Humility is a huge problem in our world today.
I should rephrase that. The lack of humility is a huge problem in our world today.
If you don’t believe me, just scroll through your social media feeds. Or, watch the news or a political speech. The lack of humility will smack you in the face. I want to be totally clear here. I lack humility in many aspects of my life as well so it’s not like you’re alone. This is part of the human condition.
Humility has never been something that has been applauded by the culture at large. Even in most ancient cultures, humility was seen as weakness. And that is what makes this week’s readings…actually, pretty much all of Jesus’ ministry as well…so hard for us.
We have a problem with humility. Let’s just all admit it and learn. We good? Okay, onward. As I began to read and reflect on the readings for this week, this word humble just jumped off the pages at me. So I’d like us to consider all four readings today and see what we can learn.
It’s interesting that we are reminded again (like last week’s readings) that God is not like us. Which brings me to something. A friend and I this week were lamenting about what we felt like was a loss of the sense of the holiness of God. We saw a picture, an artist’s rendering, of Jesus. It was like “surfer Jesus.” I mean, dude (in the picture) was all good looking with his hair blowing gently in the breeze, rocking a golden tan, a bright smile and a very well coiffed beard. It was a picture clearly designed to make you feel good about Jesus.
I want to be clear. Jesus is our friend, our elder brother and gentle and kind and tender and compassionate. But He is also God and therefore is to be given reverent worship. Even his disciples who hung out with Him and ate lunch with Him fell on their face before Him when His glory was revealed.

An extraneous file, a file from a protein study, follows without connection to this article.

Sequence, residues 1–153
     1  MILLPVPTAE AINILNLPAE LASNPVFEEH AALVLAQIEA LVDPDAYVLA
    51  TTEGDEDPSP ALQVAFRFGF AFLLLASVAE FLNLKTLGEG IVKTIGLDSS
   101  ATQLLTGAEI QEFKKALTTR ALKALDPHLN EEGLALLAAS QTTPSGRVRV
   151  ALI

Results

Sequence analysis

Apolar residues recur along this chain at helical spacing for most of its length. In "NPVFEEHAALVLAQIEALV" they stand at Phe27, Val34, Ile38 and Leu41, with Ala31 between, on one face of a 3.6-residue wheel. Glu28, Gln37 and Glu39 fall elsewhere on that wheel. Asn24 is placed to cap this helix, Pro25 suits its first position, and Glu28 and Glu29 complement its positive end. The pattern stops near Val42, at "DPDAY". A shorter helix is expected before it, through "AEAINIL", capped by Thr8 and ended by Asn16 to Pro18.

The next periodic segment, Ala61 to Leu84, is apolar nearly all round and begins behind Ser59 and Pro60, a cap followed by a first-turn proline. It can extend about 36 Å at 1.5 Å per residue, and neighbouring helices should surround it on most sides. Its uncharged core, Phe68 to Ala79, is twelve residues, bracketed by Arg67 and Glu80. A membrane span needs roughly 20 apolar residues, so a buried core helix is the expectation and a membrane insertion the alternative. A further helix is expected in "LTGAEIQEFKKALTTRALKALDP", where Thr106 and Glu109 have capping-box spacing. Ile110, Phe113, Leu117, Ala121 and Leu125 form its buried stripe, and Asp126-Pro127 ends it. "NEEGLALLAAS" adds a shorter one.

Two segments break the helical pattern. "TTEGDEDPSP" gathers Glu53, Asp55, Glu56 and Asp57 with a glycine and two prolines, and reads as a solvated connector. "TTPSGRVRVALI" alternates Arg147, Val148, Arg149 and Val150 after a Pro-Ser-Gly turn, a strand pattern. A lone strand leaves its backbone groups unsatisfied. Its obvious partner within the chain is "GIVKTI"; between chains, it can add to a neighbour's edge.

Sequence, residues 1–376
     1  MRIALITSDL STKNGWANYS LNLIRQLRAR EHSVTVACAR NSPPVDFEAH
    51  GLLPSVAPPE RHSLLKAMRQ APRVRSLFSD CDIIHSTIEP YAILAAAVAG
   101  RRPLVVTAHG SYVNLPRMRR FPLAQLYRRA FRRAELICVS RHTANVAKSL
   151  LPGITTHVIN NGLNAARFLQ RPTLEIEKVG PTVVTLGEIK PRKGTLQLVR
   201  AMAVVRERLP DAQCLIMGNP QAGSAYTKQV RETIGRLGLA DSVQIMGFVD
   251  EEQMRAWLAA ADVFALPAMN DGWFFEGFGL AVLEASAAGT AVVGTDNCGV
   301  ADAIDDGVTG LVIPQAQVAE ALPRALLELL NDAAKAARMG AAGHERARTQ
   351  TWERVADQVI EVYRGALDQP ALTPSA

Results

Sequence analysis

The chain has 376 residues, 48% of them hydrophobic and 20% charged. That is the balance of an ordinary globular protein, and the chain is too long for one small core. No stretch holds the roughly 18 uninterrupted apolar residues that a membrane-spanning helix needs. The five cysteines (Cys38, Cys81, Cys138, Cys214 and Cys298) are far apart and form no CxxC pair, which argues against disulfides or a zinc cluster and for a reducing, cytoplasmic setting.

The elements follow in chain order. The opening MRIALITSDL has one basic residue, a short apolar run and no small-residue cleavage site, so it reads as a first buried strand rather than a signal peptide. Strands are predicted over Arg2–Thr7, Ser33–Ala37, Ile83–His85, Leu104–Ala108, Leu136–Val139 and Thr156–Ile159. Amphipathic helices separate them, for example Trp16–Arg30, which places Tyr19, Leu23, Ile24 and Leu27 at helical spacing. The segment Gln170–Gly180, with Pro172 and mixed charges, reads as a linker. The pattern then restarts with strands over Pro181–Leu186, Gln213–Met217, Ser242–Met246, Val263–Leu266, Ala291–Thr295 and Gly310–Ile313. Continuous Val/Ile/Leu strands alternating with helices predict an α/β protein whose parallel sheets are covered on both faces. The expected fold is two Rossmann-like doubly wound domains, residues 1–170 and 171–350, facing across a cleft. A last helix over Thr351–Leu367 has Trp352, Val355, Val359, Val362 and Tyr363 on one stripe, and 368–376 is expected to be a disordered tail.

When we approach God, we need to remember Who we are approaching. I fear that our desire to make God approachable has reduced in our own minds the reverence required of us when we approach Him. Yes, God is loving and wants us to come to Him. But He is also terrible. His holiness is so “other” than what we are that we must approach with great humility. We need to cultivate in our own hearts, the prophet reminds us, the humility to submit to God. We need the humility to submit to His will, His law.
The promise of humility is life.
We sing with the psalmist about the ways of God that come to us only by humble submission. We beg our God to make His way known, to teach us, to guide us, to remember His compassion and His love. These are all expressions of humility and submission to our Savior. I wonder how often we reflect on the words of the Psalms we sing/chant every Sunday? This is the prayer book of the Church and has been sung or chanted for thousands of years by the people of God, both Old and New Covenant people. I don’t know about you but I love knowing every Sunday that we join in the chorus of the saints of God who have sung His praise in the words of the Psalter for thousands and thousands of years. There is a humility and joy that is to be embraced here. After all, our Psalm this week reminds us,